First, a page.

Mr. Shoaib then went on to contrast results of the two Consortia meetings. With respect to commitments for the first year, he noted, Germany had agreed to commit $225 million for India compared to $25 million for Pakistan. Comparable figures for the United Kingdom were $182 million for India, $19.6 million for Pakistan; for the United States, $545 million for India and $150 million for Pakistan. With respect to the United States, he noted that in FY 1959 we had extended aid in the [Page 55]amount of $164 million, and only slightly less in the two succeeding years.

Mr. Ball commented that it was important for the Pakistanis to remember that these figures for Pakistan were not for a full year, and it was therefore a mistake to make the comparisons which Mr. Shoaib had just offered. So far as the United States was concerned, he reiterated, we were prepared to commit substantially more than the amount of $150 million. However, when the other participants had not been sufficiently forthcoming, we had felt it necessary to limit our commitment to $150 million (1) in order to preserve the integrity before the Congress of the principles of our new aid program which stress a sharing of development assistance by the capital exporting countries and (2) as the best strategy to maintain pressure on others to make more generous contributions in the future.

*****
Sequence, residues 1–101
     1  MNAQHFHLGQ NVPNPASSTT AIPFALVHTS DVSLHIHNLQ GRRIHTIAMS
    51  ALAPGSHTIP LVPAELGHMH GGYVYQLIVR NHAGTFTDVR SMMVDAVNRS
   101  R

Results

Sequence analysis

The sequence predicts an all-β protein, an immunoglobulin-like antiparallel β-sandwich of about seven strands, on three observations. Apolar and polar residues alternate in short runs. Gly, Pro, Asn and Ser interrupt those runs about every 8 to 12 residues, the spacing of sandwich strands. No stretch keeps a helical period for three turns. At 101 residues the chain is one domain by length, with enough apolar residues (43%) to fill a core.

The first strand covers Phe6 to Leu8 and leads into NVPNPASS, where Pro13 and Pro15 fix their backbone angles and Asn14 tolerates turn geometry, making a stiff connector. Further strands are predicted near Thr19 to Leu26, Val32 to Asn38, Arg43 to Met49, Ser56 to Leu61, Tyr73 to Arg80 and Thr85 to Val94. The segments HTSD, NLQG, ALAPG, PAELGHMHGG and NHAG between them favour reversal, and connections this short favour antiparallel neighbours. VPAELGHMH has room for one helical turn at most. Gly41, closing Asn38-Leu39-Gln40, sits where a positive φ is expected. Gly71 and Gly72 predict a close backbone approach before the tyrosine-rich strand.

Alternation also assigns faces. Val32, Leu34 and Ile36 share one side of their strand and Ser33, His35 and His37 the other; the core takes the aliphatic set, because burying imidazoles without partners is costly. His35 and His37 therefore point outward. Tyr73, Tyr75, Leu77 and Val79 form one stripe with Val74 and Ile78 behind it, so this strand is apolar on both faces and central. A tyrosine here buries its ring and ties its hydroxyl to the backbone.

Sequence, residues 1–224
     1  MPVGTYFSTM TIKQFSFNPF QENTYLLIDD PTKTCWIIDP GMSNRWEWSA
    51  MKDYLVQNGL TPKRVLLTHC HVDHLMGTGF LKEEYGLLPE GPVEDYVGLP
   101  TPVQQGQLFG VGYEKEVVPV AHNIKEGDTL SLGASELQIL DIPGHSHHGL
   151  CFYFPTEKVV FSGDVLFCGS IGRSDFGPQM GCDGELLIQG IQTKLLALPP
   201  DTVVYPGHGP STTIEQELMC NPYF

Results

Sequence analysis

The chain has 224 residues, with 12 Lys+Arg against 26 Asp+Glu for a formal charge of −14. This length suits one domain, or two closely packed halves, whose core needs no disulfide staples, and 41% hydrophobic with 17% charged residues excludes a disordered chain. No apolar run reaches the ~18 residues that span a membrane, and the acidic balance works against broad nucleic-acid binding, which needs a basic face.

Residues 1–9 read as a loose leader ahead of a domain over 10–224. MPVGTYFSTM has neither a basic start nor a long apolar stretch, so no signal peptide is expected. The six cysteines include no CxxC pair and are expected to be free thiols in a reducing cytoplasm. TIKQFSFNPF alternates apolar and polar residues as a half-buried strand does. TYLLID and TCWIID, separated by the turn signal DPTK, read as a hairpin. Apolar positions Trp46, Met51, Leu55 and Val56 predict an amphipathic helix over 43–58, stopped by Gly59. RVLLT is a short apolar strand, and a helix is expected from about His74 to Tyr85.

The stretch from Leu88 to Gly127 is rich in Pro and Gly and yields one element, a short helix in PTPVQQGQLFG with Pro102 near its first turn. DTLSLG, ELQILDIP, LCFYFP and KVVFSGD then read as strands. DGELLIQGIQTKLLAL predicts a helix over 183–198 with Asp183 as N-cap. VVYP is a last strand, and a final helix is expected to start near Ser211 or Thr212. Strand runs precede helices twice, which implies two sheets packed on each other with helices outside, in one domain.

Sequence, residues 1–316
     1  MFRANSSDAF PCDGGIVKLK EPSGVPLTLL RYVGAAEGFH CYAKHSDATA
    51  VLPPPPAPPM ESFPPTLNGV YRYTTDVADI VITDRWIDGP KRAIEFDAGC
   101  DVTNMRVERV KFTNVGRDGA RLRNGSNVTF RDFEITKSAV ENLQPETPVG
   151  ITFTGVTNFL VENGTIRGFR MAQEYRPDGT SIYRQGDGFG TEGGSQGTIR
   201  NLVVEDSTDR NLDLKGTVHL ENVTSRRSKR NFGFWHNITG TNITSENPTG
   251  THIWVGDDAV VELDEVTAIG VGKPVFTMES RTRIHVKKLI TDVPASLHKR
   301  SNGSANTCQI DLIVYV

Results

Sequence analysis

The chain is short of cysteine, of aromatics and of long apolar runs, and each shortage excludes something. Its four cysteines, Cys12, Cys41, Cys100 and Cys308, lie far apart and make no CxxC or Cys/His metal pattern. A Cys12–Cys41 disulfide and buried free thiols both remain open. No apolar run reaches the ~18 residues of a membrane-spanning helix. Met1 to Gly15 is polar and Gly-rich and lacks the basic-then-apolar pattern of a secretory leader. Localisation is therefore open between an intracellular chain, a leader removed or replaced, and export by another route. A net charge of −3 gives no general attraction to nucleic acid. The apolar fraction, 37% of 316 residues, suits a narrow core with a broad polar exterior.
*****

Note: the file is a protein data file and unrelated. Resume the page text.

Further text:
Mr. Shoaib said he recognized the force of these arguments. Nonetheless, his President would be disappointed with the results in view of President Kennedy’s message1 which led him to believe that a substantial increase in U.S. commitments would be forthcoming.